Hereditary Leiomyomatosis and Renal Cell Cancer or Fumarase Deficiency via the FH Gene
Interstitial Lung Disease Panel
Renal Cancer Panel


  • Hartnan et al. 2008. The role of the Birt-Hogg-Dubé protein in mTOR activation and renal tumorigenesis. Oncogene 28(13): 1594-1604. PubMed ID: 19234517
  • Human Gene Mutation Database (Bio-base).
  • Menko et al. (2009) "Birt-Hogg-Dubé syndrome: diagnosis and management."  Lancet 10:1199. PubMed ID: 19959076
  • Palmirotta et al. (2010) "Association between Birt Hogg Dube syndrome and cancer predisposition." Anticancer Research 30: 751-758. PubMed ID: 20392993
  • Schmidt et al. (2005) "Germline BHD-mutation spectrum and phenotype analysis of a large cohort of families with Birt-Hogg-Dubé syndrome." Am J Hum Genet 76:1023–33,. PubMed ID: 15852235
  • Toro et al. (2008) "BHD mutations, clinical and molecular genetic investigations of Birt-Hogg-Dubé syndrome: a new series of 50 families and a review of published reports." J Med Genet 45:321–331. PubMed ID: 18234728
  • Toro JR. 2014. Birt-Hogg-Dubé Syndrome. In: Pagon RA, Adam MP, Bird TD, Dolan CR, Fong C-T, and Stephens K, editors. GeneReviews™, Seattle (WA): University of Washington, Seattle,. PubMed ID: 20301695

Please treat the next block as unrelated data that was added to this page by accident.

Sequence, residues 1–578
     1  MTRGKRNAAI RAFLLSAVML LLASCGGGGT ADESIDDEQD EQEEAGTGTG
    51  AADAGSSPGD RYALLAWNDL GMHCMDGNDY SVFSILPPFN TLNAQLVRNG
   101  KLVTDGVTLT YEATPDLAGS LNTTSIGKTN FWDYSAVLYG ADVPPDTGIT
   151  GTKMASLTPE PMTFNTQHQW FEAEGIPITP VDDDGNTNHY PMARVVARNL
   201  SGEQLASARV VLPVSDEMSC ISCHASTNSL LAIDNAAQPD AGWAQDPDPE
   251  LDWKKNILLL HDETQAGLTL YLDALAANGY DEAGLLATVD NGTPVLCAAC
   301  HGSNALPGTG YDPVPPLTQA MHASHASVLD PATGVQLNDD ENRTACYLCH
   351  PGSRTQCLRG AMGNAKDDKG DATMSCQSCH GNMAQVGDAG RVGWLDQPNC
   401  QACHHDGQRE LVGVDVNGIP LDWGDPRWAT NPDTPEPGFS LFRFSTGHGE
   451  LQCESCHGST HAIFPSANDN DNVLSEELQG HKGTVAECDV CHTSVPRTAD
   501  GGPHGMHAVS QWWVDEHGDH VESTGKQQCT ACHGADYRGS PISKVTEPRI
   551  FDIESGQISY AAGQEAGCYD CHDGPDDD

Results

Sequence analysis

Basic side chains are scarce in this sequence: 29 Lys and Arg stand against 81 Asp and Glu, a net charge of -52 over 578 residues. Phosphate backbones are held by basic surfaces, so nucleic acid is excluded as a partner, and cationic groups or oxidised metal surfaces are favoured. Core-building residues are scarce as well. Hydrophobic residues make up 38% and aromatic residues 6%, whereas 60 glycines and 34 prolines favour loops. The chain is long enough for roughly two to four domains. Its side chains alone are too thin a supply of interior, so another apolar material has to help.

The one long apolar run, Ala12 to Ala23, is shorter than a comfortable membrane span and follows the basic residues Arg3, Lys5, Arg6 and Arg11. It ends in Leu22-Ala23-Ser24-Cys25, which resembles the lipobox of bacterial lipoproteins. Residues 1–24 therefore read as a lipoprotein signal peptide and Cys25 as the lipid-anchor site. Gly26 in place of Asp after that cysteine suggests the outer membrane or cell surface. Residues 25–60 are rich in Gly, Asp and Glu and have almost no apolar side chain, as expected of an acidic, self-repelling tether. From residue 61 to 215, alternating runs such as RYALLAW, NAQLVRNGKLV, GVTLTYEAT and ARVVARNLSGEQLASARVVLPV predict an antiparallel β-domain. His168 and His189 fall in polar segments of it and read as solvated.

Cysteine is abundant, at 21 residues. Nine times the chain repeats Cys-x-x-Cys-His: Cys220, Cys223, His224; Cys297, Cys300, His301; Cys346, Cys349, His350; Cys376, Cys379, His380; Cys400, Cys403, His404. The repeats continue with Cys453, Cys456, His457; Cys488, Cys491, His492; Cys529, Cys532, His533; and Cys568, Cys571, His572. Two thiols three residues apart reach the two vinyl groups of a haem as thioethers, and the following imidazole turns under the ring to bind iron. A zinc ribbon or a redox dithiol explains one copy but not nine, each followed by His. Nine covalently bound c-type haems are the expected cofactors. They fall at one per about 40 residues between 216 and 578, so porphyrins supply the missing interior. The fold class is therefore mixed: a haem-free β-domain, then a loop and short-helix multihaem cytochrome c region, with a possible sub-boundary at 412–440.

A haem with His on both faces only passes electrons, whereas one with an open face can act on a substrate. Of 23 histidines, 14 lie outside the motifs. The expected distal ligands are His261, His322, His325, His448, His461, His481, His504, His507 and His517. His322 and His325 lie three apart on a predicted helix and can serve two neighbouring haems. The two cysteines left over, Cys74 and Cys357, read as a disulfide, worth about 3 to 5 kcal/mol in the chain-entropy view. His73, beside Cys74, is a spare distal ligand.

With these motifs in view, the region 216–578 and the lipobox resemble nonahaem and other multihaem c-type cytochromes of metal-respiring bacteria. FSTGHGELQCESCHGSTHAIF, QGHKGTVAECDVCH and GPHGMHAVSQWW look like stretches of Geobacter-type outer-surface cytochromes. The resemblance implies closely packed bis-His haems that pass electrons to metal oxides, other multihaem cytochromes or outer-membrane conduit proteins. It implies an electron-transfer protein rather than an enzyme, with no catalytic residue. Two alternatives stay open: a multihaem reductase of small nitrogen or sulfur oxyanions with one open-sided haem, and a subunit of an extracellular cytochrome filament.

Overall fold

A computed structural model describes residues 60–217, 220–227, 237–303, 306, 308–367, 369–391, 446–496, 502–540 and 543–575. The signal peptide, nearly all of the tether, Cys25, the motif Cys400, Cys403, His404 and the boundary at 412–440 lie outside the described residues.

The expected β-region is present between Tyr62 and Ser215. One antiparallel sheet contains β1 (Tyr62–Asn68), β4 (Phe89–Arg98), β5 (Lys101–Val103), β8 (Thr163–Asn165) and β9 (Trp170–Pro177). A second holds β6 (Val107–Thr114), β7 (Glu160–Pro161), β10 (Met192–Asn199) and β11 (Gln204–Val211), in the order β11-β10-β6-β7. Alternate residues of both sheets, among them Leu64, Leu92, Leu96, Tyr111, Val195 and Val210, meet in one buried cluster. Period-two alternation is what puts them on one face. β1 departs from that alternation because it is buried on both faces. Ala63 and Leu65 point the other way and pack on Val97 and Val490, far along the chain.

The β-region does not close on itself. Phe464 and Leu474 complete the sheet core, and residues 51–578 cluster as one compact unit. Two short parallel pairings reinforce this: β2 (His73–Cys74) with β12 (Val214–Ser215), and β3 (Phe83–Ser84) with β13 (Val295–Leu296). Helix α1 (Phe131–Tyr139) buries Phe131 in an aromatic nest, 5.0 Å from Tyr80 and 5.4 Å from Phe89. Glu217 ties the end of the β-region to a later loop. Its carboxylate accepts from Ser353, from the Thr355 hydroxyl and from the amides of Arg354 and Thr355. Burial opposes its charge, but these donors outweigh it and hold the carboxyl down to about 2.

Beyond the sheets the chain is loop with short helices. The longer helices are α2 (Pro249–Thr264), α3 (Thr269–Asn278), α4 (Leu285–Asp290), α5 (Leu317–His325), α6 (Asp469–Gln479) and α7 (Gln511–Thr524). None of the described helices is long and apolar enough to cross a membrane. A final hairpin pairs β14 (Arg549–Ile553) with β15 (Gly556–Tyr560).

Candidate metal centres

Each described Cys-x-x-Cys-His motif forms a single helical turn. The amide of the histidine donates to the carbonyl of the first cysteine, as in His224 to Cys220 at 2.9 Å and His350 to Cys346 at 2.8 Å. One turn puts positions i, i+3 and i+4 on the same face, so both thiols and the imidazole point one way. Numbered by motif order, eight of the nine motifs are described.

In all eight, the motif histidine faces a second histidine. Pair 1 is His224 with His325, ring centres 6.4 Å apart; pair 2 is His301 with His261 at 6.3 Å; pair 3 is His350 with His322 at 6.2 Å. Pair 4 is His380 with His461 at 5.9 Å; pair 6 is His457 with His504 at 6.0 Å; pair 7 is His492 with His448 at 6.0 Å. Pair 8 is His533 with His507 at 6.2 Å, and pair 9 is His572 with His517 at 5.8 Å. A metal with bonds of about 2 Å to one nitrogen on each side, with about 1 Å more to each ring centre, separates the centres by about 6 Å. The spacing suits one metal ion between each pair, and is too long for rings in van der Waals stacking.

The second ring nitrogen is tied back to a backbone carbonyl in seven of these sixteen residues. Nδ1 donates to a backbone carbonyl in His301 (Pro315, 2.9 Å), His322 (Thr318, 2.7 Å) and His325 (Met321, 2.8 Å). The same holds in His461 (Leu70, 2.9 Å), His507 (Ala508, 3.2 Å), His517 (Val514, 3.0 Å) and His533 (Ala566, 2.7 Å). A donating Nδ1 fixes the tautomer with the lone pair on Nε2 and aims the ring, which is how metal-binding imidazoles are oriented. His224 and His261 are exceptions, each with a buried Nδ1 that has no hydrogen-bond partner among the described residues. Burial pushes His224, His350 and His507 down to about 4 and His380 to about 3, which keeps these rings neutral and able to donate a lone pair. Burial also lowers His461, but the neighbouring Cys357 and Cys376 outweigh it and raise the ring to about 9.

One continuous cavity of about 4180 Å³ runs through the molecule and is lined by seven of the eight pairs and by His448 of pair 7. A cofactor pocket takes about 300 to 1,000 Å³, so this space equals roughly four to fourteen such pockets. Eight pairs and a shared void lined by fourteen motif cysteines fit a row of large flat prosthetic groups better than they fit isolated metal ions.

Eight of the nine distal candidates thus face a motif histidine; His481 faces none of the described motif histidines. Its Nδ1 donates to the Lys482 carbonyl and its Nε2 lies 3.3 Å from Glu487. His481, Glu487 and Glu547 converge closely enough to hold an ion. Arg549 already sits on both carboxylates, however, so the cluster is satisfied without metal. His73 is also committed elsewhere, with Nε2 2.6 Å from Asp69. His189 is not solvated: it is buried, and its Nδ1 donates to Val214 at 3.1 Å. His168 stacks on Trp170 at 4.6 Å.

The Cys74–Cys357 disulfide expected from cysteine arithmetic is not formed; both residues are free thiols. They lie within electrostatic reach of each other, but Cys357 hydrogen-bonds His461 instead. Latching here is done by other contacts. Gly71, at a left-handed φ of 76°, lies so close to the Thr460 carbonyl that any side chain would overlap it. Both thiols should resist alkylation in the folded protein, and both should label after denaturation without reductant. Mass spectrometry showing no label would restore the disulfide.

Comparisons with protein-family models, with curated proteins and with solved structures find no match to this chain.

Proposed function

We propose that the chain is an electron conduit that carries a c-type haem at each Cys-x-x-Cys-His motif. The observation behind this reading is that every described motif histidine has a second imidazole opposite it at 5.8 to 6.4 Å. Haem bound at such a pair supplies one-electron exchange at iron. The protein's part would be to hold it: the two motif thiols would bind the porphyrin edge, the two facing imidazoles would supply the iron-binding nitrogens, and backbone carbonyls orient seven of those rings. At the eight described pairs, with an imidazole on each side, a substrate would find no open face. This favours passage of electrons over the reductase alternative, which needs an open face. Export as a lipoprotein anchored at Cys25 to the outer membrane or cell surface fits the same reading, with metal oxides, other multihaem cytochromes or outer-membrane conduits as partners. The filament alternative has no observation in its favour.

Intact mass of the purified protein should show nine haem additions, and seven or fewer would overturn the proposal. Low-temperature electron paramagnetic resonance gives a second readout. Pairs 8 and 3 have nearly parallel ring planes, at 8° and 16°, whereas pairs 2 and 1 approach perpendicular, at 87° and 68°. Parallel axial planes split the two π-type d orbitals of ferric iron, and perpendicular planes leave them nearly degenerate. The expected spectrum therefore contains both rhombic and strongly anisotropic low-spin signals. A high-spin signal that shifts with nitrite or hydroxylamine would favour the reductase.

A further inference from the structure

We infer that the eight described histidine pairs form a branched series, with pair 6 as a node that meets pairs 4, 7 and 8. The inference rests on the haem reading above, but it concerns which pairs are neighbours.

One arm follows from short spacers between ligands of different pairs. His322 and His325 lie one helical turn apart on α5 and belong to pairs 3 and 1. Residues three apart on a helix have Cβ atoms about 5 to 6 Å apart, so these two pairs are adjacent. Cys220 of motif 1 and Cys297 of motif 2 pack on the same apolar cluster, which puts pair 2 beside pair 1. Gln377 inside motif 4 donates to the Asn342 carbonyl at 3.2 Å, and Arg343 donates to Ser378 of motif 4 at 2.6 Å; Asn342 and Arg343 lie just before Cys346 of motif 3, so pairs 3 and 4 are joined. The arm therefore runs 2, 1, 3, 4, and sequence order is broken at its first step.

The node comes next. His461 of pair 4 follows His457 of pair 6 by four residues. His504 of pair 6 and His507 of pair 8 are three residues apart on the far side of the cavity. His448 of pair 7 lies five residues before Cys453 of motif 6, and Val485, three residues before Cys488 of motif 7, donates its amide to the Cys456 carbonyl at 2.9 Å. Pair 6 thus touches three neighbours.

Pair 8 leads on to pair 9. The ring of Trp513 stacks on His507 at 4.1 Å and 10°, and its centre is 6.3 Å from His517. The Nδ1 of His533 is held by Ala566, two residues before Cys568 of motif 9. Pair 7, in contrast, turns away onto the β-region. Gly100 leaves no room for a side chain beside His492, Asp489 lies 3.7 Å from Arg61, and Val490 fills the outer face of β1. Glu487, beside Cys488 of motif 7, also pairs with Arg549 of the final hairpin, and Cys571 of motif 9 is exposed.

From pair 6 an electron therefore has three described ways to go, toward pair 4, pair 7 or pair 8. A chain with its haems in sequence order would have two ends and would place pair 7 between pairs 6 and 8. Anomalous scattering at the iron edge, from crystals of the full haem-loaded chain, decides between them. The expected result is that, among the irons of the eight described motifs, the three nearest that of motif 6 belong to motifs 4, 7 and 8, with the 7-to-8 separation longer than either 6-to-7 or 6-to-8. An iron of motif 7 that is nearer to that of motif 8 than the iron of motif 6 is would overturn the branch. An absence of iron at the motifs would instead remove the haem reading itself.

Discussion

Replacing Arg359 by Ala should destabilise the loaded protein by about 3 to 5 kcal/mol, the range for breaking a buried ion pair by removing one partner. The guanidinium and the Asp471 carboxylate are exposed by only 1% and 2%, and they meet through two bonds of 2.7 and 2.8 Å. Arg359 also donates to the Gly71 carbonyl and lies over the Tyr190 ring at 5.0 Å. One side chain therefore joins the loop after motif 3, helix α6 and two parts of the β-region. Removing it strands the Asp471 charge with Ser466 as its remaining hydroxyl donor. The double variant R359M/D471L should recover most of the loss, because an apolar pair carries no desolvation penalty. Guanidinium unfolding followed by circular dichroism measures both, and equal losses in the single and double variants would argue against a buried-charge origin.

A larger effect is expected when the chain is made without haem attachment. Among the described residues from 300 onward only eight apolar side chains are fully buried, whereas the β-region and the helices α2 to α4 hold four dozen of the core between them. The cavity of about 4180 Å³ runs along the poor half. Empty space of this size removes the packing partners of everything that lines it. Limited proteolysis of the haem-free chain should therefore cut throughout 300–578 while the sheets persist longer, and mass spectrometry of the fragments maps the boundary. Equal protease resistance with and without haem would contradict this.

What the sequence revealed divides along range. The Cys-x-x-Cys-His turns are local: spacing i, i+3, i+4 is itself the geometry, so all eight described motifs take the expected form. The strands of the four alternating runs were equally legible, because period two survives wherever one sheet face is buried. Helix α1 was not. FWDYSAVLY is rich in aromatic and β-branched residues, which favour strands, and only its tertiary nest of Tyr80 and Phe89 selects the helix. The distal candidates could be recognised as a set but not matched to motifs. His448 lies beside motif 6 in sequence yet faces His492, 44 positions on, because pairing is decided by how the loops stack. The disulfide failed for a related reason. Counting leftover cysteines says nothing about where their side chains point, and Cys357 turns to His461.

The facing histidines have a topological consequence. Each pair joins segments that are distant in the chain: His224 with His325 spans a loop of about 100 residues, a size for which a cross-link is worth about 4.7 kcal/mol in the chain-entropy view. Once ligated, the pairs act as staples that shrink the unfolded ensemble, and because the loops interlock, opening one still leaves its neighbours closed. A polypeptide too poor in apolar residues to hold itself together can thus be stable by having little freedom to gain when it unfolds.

Ordering Options

We offer several options when ordering sequencing tests. For more information on these options, see our Ordering Instructions page. To view available options, click on the Order Options button within the test description.

myPrevent - Online Ordering

  • The test can be added to your online orders in the Summary and Pricing section.
  • Once the test has been added log in to myPrevent to fill out an online requisition form.
  • PGnome sequencing panels can be ordered via the myPrevent portal only at this time.

Requisition Form

  • A completed requisition form must accompany all specimens.
  • Billing information along with specimen and shipping instructions are within the requisition form.
  • All testing must be ordered by a qualified healthcare provider.

For Requisition Forms, visit our Forms page

If ordering a Duo or Trio test, the proband and all comparator samples are required to initiate testing. If we do not receive all required samples for the test ordered within 21 days, we will convert the order to the most effective testing strategy with the samples available. Prior authorization and/or billing in place may be impacted by a change in test code.

Specimen Types

Specimen Requirements and Shipping Details

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Note: acceptable specimen types are whole blood and DNA from whole blood only.